Sunday, 13 August, 2017 17:04
Sunday, 13 August, 2017 17:14
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Clashes between supporters of extreme-right and anti-racist activists have degenerated, yesterday, in Charlottesville in the State of Virginia, when a white supremacist went into a group of counter-protesters with his car, killing one person and injuring 19 others.
Behind all this agitation: it was the willingness of Charlottesville to rip down a statue of the controversial general of the south Robert Lee.
But who was this man?
First loyal to the Union
When States slavery began to secede in 1861, the general Lee remains loyal to the president Abraham Lincoln. It is only when his home State, Virginia, left the Union, he in turn joins the confederate States.
A hero of war?
It will lead eventually the confederate troops from 1862 until the end of the Civil War, in 1865. The general Lee will lead his army to a few victories before having to capitulate.
For the nostalgic of the south by slavery, Lee was a war hero. However, some historians challenge today doubt its talent of military strategists.
Some of his admirers assert, that the general Lee was actually opposed to slavery, although he had led the army of the south. In fact, in 1856, Robert Lee wrote to his wife that slavery is a moral evil and political.”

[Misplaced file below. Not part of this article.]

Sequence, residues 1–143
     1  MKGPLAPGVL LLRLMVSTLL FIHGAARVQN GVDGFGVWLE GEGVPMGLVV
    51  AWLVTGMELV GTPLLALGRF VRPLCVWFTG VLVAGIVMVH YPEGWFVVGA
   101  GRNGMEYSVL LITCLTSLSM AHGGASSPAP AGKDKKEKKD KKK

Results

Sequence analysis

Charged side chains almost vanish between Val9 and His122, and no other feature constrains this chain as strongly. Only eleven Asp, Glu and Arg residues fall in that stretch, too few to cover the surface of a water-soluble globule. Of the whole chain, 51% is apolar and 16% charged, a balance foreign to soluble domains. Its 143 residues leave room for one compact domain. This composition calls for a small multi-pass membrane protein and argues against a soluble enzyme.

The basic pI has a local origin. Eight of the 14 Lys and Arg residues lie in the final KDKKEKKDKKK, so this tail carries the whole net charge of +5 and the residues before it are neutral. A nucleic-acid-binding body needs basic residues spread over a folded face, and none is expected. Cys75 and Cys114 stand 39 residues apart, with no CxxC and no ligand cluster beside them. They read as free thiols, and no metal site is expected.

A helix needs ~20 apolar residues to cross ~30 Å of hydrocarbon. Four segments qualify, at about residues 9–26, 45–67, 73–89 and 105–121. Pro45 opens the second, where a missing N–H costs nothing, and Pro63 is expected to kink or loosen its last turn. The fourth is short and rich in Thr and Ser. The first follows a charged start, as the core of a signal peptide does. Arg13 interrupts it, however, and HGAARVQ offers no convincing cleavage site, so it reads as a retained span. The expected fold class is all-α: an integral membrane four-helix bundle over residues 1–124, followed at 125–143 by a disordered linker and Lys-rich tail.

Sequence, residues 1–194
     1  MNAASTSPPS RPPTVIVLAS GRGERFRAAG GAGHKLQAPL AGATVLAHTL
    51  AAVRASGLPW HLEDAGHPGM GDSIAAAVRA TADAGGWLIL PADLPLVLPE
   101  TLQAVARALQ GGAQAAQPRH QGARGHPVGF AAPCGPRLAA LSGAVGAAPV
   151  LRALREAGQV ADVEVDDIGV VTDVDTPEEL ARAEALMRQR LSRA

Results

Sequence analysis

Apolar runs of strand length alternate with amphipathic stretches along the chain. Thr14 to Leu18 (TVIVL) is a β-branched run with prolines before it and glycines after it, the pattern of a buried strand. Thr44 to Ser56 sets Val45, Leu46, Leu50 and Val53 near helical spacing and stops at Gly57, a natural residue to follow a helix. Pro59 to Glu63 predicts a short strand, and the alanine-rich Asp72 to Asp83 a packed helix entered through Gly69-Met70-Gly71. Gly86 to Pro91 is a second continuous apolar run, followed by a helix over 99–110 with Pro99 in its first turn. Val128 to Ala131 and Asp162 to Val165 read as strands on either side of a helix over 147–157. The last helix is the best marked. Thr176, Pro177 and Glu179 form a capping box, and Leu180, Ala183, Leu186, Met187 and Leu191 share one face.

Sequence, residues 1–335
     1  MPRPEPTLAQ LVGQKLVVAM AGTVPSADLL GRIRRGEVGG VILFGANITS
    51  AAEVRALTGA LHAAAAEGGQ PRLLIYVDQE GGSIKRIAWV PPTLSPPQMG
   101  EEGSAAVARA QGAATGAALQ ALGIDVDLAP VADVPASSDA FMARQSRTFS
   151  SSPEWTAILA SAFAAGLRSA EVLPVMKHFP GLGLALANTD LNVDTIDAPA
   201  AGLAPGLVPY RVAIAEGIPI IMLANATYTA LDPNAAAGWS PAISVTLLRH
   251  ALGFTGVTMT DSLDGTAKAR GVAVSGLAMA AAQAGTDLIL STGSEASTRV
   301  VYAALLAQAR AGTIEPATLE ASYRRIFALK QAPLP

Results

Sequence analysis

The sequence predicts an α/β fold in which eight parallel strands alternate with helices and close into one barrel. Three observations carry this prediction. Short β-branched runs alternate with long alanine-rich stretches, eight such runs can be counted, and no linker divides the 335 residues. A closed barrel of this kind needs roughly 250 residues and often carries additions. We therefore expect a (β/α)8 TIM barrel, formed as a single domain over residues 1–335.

However, what they fail to say is that he continues his letter by stating that “the blacks are immeasurably better [in the U.s.] than in Africa, morally, socially, and physically” and that “the instruction painful as they are undergoing is necessary for their education and their race.”
General Lee had himself a dozen slaves.
Rehabilitated in the history
The general Lee has been rehabilitated in the history by president Gerald Ford in 1975 in recognition of his role in the reunification of the country after the Civil War.
Nonetheless, it remains associated with racism and slavery. For the past few years, many claim that the statues at his effigy, which are always erected in several cities in the south of the country, are erased from the landscape.
Charlottesville would become the second large american city to deny the memory of the controversial general after New Orleans, which has demolished his monument last may.